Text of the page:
FIMN 2008 : Foundations of Information Management in Networks
Call For Papers
Foundations of Information Management in Networks
July 6th, 2008, Reykjavik, Iceland
1-day workshop to be held in conjunction with the International Colloquium on
Automata, Languages and Programming, ICALP 2008.
* Ashish Goel: Incentives based robust reputation and recommendation
* Maurizio Lenzerini: Integration and filtering of heterogeneous information
* S. Muthukrishnan: Streaming and sampling algorithms for information
aggregation in networks
* Giuseppe Persiano: Security of networks of low capability devices
* Christian Scheideler: Algorithms for scalable and robust information systems
Network information management is a growing area of research at the attention
of several communities: Algorithms, Formal Methods, Information systems, Data
mining, Networks and Distributed Systems. The reason of this interest is given
by the recent emergence of information systems distributed across the network,
pervasive systems, physical mobile and virtual networks of users. These
systems are often self-organized, interconnected, highly dynamic, expand up to
include the users as source of content and intelligence, ask for a unifying view
of data, services and users. Query, search and retrieval of structured and
unstructured information in such systems has already prompted a large body of
research at the intersection between databases, information retrieval and
networks. Examples are peer-to-peer systems, distributed hash tables,
distributed information retrieval, filtering and integration of information,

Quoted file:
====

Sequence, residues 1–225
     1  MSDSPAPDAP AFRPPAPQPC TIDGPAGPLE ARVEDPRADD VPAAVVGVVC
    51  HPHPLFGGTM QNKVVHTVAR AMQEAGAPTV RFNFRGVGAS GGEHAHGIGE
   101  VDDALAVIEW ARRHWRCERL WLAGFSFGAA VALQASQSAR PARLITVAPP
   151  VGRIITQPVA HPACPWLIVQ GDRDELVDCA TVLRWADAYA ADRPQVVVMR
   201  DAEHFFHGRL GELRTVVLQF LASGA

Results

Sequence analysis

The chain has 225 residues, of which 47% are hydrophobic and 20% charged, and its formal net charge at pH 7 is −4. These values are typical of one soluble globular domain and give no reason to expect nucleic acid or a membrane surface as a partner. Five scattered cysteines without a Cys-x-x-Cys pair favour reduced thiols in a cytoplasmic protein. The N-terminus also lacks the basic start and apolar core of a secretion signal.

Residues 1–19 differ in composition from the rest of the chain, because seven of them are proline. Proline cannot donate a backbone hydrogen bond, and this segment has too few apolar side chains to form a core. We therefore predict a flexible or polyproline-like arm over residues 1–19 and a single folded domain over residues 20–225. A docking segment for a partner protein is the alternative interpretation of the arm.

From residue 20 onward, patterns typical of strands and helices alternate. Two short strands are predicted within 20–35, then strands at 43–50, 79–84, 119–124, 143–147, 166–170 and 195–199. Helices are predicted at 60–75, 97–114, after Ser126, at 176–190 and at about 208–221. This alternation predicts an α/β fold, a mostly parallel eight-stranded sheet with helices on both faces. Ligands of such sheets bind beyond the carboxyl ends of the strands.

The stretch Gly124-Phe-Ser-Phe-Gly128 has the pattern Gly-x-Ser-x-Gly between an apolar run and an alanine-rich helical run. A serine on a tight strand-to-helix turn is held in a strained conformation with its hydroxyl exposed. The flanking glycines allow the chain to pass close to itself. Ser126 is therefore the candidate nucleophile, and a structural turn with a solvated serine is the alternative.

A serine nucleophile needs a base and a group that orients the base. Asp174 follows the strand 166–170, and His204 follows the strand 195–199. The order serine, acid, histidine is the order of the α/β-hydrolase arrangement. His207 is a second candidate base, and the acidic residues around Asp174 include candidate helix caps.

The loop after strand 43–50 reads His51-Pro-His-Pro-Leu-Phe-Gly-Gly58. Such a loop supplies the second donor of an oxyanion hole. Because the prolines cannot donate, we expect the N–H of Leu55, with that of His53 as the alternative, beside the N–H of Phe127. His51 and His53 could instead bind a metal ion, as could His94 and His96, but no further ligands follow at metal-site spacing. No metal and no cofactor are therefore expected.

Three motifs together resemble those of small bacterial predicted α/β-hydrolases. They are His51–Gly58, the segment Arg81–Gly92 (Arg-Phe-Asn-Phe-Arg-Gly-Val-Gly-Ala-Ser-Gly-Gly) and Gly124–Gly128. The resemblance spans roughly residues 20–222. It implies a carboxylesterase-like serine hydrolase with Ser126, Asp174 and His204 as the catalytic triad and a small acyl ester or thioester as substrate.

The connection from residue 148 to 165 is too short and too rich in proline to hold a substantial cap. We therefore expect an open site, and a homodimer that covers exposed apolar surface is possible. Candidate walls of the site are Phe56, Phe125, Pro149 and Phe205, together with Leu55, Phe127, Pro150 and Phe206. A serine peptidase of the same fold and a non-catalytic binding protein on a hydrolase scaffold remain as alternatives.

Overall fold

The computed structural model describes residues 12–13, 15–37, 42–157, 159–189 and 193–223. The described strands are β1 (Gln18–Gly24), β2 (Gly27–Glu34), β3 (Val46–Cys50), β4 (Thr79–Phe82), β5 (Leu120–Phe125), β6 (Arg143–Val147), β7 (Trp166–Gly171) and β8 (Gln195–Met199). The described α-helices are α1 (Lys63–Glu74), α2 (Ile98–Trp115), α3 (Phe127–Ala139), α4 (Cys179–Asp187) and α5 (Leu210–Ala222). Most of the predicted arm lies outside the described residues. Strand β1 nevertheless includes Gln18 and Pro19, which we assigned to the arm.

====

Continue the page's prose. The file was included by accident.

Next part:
representation, query processing and compression of structured data.
Computing aggregate information and statistics in these systems require
novel sampling, hashing and streaming techniques that operate with limited
storage and computational resources and/or by looking only at a suitable
subset of the data. In pervasive systems and networks of sensing entities,
local statistics often need to be computed at several vantage points in the
network with even more severe restrictions.
These network systems are open and thus prone to manipulation of malicious
individuals and collectives. Mechanisms that protect the system against
manipulation using incentives, reward and penalties are a wide subject of
study as well as the equilibria they induce. On the other hand, the devise of
trust and reputation mechanisms that cannot be manipulated by users and
coalitions of users are also an important field of investigation. We also observe
a growing role of the players in performing fundamental tasks of the network.
Users provide tags, annotation, feedback in terms of preferences and opinions.
Modelling user behaviour and learning about user profiles from logs and past
behavior is therefore becoming crucial in several applications.
These challenges ask for a more solid asset of the theoretical foundations of
information management in networks. A number of position papers and recent
results will be presented by key researchers in the area that will be invited to
this workshop. Several of these subjects are already of interest of the ICALP
community, all tracks. However, we believe that a more focussed and thorough
presentation of the main challenges of these areas will make an original
contribution to the conference.
Stefano Leonardi (Sapienza University of Rome)
Friedhelm Meyer auf der Heide (Heinz Nixdorf Institute - University of
For further information and registration, see